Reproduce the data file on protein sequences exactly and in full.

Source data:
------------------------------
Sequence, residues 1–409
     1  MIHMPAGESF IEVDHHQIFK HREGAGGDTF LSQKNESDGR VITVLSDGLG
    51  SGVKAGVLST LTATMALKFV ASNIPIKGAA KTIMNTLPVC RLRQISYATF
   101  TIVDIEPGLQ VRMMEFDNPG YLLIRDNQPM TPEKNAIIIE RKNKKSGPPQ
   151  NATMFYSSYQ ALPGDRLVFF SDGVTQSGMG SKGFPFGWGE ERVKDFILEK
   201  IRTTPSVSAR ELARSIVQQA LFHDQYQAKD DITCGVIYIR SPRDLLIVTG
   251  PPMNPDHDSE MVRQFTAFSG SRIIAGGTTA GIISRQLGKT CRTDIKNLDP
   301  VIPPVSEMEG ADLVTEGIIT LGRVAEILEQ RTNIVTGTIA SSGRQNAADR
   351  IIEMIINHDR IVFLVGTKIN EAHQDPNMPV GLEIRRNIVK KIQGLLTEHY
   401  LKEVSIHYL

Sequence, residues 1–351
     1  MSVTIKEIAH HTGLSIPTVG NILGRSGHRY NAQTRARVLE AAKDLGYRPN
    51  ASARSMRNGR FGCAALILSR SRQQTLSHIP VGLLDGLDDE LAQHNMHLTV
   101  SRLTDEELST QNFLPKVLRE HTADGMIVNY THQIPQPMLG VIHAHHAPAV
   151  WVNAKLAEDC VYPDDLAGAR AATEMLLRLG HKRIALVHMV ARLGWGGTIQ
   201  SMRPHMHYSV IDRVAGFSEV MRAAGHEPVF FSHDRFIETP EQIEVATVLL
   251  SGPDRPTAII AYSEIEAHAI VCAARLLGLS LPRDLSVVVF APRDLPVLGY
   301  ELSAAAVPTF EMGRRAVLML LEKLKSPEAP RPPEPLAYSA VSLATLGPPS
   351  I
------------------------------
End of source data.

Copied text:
Sequence, residues 1–409
     1  MIHMPAGESF IEVDHHQIFK HREGAGGDTF LSQKNESDGR VITVLSDGLG
    51  SGVKAGVLST LTATMALKFV ASNIPIKGAA KTIMNTLPVC RLRQISYATF
   101  TIVDIEPGLQ VRMMEFDNPG YLLIRDNQPM TPEKNAIIIE RKNKKSGPPQ
   151  NATMFYSSYQ ALPGDRLVFF SDGVTQSGMG SKGFPFGWGE ERVKDFILEK
   201  IRTTPSVSAR ELARSIVQQA LFHDQYQAKD DITCGVIYIR SPRDLLIVTG
   251  PPMNPDHDSE MVRQFTAFSG SRIIAGGTTA GIISRQLGKT CRTDIKNLDP
   301  VIPPVSEMEG ADLVTEGIIT LGRVAEILEQ RTNIVTGTIA SSGRQNAADR
   351  IIEMIINHDR IVFLVGTKIN EAHQDPNMPV GLEIRRNIVK KIQGLLTEHY
   401  LKEVSIHYL

Sequence, residues 1–351
     1  MSVTIKEIAH HTGLSIPTVG NILGRSGHRY NAQTRARVLE AAKDLGYRPN
    51  ASARSMRNGR FGCAALILSR SRQQTLSHIP VGLLDGLDDE LAQHNMHLTV
   101  SRLTDEELST QNFLPKVLRE HTADGMIVNY THQIPQPMLG VIHAHHAPAV
   151  WVNAKLAEDC VYPDDLAGAR AATEMLLRLG HKRIALVHMV ARLGWGGTIQ
   201  SMRPHMHYSV IDRVAGFSEV MRAAGHEPVF FSHDRFIETP EQIEVATVLL
   251  SGPDRPTAII AYSEIEAHAI VCAARLLGLS LPRDLSVVVF APRDLPVLGY
   301  ELSAAAVPTF EMGRRAVLML LEKLKSPEAP RPPEPLAYSA VSLATLGPPS
   351  I